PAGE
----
xiii, 224 pages : illustrations ; 24 cm.
Oxford legal philosophy.
Who, or what, is a 'person' according to the law? How did this understanding of personhood come about? In the twenty-first century, environmentalism, animal rights, artificial intelligence, and corporate personhood have compelled us to consider these questions once again. Legal personhood is a foundational concept of Western legal thought and A Theory of Legal Personhood seeks to go beyond contemporary debates, challenging our very understanding of legal personhood itself. Drawing on extensive research, scholarship, legislation, and court cases from around the globe, this book offers readers - with or without previous knowledge - new insights into legal personhood. It scrutinizes how personhood came to be understood synonymously with the holding of legal rights. It then posits that a better understanding of legal personhood is as a cluster property. Finally, it applies this new theory to explain and structure the numerous debates surrounding legal personhood.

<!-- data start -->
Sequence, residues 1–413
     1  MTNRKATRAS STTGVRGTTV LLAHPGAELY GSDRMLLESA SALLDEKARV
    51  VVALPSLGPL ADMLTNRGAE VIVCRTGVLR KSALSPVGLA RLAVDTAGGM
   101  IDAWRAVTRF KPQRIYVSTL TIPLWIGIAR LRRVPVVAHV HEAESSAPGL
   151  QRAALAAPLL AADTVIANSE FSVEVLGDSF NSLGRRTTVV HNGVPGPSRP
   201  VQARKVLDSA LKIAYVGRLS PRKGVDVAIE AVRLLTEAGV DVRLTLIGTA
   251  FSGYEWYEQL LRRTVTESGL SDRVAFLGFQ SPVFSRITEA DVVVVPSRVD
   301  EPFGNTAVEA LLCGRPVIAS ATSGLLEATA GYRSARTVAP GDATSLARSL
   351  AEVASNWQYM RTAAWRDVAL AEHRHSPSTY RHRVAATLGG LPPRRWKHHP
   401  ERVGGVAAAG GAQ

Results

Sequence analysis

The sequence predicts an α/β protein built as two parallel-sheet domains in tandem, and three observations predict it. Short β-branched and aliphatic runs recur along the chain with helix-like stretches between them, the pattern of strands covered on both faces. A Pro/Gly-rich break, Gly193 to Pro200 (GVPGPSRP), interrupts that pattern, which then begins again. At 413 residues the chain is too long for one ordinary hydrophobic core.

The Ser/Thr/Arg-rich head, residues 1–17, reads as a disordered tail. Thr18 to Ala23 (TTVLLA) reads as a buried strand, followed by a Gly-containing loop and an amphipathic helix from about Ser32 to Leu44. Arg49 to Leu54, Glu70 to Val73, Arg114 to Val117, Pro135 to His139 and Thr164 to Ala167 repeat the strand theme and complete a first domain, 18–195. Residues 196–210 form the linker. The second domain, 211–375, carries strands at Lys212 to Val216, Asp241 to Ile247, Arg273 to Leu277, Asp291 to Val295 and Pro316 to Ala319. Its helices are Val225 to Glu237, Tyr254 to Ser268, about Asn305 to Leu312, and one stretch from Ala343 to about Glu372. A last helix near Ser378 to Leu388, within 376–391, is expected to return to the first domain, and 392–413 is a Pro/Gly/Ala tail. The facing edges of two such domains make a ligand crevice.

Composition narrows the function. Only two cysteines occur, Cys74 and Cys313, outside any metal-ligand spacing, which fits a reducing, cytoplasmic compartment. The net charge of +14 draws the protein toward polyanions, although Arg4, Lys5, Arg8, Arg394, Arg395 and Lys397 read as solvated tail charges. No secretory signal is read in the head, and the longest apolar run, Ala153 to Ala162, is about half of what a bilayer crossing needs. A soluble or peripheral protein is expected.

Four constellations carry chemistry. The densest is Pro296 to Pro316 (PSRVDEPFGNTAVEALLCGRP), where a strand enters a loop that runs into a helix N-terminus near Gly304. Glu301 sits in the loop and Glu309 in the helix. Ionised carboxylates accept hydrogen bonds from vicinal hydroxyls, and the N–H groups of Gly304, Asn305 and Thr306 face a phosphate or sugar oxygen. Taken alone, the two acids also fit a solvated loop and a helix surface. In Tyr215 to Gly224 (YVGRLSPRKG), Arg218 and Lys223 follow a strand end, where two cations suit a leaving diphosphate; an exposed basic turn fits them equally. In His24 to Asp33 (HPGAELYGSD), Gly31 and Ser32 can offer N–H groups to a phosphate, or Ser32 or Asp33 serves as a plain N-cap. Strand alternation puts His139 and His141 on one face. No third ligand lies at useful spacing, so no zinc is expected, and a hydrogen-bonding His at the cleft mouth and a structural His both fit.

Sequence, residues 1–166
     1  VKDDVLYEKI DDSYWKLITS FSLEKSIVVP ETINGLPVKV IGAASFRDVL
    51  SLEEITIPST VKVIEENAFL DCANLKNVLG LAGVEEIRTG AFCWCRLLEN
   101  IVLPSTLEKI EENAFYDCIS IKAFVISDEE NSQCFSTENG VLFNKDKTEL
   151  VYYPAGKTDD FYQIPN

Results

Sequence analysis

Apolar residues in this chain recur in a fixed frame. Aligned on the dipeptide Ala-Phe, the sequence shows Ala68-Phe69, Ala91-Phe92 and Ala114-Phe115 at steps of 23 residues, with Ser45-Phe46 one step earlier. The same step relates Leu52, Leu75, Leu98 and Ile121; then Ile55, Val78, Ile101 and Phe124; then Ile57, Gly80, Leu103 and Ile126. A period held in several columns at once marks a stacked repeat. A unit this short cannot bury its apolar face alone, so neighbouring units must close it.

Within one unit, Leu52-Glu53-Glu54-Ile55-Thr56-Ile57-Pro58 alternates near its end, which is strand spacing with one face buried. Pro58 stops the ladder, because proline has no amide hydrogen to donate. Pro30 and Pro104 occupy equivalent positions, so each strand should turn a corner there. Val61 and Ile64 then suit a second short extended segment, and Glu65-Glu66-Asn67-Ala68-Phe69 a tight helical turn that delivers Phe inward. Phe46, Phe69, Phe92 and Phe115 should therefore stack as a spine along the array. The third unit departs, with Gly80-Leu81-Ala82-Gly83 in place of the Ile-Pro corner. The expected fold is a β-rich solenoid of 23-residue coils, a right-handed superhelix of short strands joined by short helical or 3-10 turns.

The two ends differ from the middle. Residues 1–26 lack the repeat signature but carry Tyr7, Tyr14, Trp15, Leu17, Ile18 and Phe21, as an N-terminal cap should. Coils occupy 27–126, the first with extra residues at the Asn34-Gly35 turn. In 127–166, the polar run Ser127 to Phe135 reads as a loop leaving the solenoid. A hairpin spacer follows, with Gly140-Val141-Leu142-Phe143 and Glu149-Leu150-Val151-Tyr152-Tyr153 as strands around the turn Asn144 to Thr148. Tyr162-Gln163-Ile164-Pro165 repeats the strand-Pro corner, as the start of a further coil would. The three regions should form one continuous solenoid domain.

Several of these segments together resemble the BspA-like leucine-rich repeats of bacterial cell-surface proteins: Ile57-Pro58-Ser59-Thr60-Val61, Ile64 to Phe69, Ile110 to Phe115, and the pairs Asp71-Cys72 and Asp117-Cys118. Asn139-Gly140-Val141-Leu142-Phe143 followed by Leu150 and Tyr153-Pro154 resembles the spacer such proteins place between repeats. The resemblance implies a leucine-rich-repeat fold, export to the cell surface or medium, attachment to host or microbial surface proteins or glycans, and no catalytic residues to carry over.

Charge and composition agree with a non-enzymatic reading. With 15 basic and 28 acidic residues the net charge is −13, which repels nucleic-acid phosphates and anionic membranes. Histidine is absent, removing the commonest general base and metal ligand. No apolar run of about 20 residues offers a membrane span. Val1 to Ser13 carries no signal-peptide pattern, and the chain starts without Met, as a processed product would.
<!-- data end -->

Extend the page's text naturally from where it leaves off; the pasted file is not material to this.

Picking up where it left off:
Bibliography, etc. Note
Includes bibliographical references (pages 203-215) and index.
Formatted Contents Note
Part I. The orthodox view. A short history of the right-holding person Rights and persons : Hohfeldian analysis Part II. The bundle theory. The incidents of legal personhood Who or what can be a legal person? Part III. Applying the theory. Collectivities as legal persons The legal personhood of artificial intelligences Legal personhood in normative reasoning.
K650 .K87 2019
Oxford, United Kingdom : Oxford University Press, 2019.